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Logo of Phnom Penh Post newspaper Phnom Penh Post - Girl,12, allegedly raped by co-worker at brick factory

A boy pushes a cart of wood at a brick factory in Kandal province last year.
A boy pushes a cart of wood at a brick factory in Kandal province last year. Pha Lina

Girl,12, allegedly raped by co-worker at brick factory

A man has been charged with the brutal rape of a 12-year-old girl who worked alongside him in a Kampong Thom brick factory, prompting child rights groups to again call for the end of child labour at the dangerous sites.

The horrific attack comes two months after human rights group Licadho released research exposing widespread child labour and debt bondage in Cambodian brick factories, a report the Ministry of Labour quickly dismissed.

Suos Sovan, military police chief of Bureau 906 in Santuk district, said brick worker Phorn Dy, 20, was arrested after the girl’s screams raised the alarm to villagers in Kakoh commune.

The victim was left bleeding after she was attacked just after 10pm on Saturday night. “According to his confession, the suspect strangled the girl and raped her,” Sovan said. “If she did not shout out, he would have killed her.”

The victim’s mother, who asked not to be named, said she was in debt with AMK microfinance, and her daughter needed to work to help pay for schooling.

“Because my family is poor, I have to send her to work, even though the owner was not allowed to [hire her] . . . so we could send her to grade four,” the mother said, adding there were about 10 other children working at the site. “For me, I am old and my husband is sick, and when she works, she can earn 10,000 to 20,000 riel [$2.50 to $5] [per day] for her study and to help the family.”

She said her daughter was attacked in her sleep at home, 50 metres from the factory.

Provincial court spokesman Say Nora said Dy had been charged under Article 241, which carries a maximum prison sentence of 15 years.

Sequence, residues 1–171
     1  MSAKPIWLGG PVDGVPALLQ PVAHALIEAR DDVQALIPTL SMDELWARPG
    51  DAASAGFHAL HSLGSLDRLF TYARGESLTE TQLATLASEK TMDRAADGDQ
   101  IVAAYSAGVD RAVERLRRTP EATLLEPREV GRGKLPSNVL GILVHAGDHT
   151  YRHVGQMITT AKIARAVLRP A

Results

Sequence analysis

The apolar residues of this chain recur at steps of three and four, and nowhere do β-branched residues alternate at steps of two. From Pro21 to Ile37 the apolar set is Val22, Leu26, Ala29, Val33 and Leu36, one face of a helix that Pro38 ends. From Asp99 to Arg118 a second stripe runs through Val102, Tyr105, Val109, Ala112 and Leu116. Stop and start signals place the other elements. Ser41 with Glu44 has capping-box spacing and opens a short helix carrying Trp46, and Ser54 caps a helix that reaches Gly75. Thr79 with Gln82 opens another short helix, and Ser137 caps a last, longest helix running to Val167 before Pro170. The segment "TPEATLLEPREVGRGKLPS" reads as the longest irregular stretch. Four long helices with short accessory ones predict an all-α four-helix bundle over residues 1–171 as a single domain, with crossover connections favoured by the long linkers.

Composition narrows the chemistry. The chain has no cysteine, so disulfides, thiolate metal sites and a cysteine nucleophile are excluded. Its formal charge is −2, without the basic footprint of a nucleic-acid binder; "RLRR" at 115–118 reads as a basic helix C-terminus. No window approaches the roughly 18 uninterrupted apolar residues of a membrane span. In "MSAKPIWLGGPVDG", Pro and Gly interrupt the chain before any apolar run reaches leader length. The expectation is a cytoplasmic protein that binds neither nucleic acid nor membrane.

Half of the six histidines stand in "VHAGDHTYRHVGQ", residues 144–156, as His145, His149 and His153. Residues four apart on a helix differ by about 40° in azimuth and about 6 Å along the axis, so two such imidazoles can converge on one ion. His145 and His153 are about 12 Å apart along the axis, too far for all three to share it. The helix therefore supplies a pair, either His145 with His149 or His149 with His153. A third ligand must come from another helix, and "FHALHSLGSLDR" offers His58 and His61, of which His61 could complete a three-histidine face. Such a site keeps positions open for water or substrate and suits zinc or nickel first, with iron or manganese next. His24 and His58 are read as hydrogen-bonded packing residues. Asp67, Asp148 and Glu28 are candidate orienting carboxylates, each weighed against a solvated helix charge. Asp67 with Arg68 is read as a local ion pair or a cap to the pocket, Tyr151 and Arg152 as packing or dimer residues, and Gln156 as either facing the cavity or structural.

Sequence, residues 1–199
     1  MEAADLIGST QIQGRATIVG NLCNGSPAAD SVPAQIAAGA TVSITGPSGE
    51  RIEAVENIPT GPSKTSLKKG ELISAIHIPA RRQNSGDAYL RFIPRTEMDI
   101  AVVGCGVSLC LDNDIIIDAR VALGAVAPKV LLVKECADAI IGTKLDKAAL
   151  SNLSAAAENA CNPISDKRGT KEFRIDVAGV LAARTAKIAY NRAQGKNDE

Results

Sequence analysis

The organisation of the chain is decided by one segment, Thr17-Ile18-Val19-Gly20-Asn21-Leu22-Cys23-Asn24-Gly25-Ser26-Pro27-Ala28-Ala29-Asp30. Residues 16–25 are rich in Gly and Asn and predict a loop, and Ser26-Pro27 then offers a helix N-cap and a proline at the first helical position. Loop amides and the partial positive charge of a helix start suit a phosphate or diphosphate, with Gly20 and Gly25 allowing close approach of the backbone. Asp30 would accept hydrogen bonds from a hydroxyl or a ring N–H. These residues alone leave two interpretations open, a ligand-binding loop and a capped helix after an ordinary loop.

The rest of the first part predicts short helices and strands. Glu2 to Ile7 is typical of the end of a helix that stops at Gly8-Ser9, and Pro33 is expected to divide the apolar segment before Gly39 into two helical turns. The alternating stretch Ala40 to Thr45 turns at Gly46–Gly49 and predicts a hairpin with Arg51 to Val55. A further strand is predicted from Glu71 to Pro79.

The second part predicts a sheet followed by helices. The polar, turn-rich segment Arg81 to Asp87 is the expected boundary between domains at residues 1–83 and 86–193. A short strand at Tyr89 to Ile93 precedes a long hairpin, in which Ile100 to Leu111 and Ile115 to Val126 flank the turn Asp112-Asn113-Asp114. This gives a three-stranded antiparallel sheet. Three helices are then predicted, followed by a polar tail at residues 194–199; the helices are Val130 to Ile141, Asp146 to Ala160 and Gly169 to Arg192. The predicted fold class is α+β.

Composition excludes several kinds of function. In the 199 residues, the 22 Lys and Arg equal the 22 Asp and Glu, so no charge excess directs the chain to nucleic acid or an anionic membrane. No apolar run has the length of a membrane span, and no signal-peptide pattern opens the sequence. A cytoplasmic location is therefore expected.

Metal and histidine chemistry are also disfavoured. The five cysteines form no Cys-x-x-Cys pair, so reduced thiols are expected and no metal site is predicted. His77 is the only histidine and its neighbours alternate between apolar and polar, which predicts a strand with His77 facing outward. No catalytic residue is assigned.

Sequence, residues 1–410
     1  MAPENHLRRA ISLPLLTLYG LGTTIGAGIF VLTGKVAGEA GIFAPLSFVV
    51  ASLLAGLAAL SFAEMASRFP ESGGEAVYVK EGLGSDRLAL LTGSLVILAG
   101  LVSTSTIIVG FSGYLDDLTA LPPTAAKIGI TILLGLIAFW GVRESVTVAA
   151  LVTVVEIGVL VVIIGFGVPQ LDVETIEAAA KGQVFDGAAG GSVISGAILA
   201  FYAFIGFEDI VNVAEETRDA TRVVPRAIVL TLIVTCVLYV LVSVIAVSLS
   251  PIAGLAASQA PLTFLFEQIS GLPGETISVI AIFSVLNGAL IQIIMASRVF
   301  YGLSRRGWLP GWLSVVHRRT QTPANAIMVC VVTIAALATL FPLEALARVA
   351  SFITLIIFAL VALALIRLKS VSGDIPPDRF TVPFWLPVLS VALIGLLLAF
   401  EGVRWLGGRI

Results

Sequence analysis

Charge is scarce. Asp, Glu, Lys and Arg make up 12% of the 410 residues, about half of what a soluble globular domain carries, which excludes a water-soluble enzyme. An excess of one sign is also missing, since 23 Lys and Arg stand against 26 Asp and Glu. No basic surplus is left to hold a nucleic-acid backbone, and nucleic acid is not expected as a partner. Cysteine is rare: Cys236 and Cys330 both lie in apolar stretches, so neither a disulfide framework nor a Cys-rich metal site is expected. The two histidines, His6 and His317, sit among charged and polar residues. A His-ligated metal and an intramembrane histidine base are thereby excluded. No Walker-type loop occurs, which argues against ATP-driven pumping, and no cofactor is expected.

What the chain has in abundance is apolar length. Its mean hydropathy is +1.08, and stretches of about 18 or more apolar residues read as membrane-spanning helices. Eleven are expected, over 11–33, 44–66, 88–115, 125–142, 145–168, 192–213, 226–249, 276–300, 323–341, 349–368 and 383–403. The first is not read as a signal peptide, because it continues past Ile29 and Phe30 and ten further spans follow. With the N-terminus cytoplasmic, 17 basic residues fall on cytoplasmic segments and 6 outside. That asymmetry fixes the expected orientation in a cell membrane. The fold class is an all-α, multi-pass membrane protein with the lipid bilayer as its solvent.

Iman Mooroka, spokesperson for UNICEF, said illegal labour “deprives children of their childhood, negatively impacting on their social, physical and mental development”.

“It places children at risk of not only sexual abuse, but also exploitation and other harmful practices,” she said via email. “Perpetrators of sexual violence and those who breach labour laws, putting children in harm’s way, must be brought to justice, and proper counselling, care and support should be provided to the girl and her family.”

One Kakoh commune police officer, who asked not to be named, said the alleged perpetrator had attempted rape in the past, but that case had been settled for $100.

The police officer added that the owner of the brick factory – who could not be reached for comment – denied the child was working for him.

Ministry of Labour spokesman Heng Sour was abroad and unable to comment yesterday, but pointed out the ministry would hold a summit and release a report on the child labour issue on Wednesday.

Of the 4 million children aged between 5 and 17 in the Kingdom, an estimated 11 percent or 440,000 were working as child labourers, according to 2012 International Labour Organisation figures.

The government claims this number dropped to 8.7 percent in 2015 and that they are aiming for zero by 2025.

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John Lowrie's picture

A few weeks ago I cam across yet another case of a family defaulting on a their MFI loan. I was surprised by the annual charge of 19.4% average rate of interest and by the deficient elementary due diligence checks that should have meant such a toxic loan should not have been approved in the first place. The MFI explained that they needed to levy this charge as the only collateral in what they call "soft loan" a documents issued by the commune chief who also takes part in the vetting process. What surprised me most is that the MFI harassed the wider family members to force them in to paying the loan on behalf of the defaulter, despite playing no part in the original loan nor having their own incomes assessed. MFIs in Cambodia in my view, based on this example and countless others, have lost their way. In too many cases, they end up increasing poverty, not alleviating it. I have seen land lost and even desperate people resorting to loan sharks to pay off MFIs. I did write to the World Bank's IFC to ask what rate that it was loaning funds to this MFI. They have not yet answered. I doubt if they will.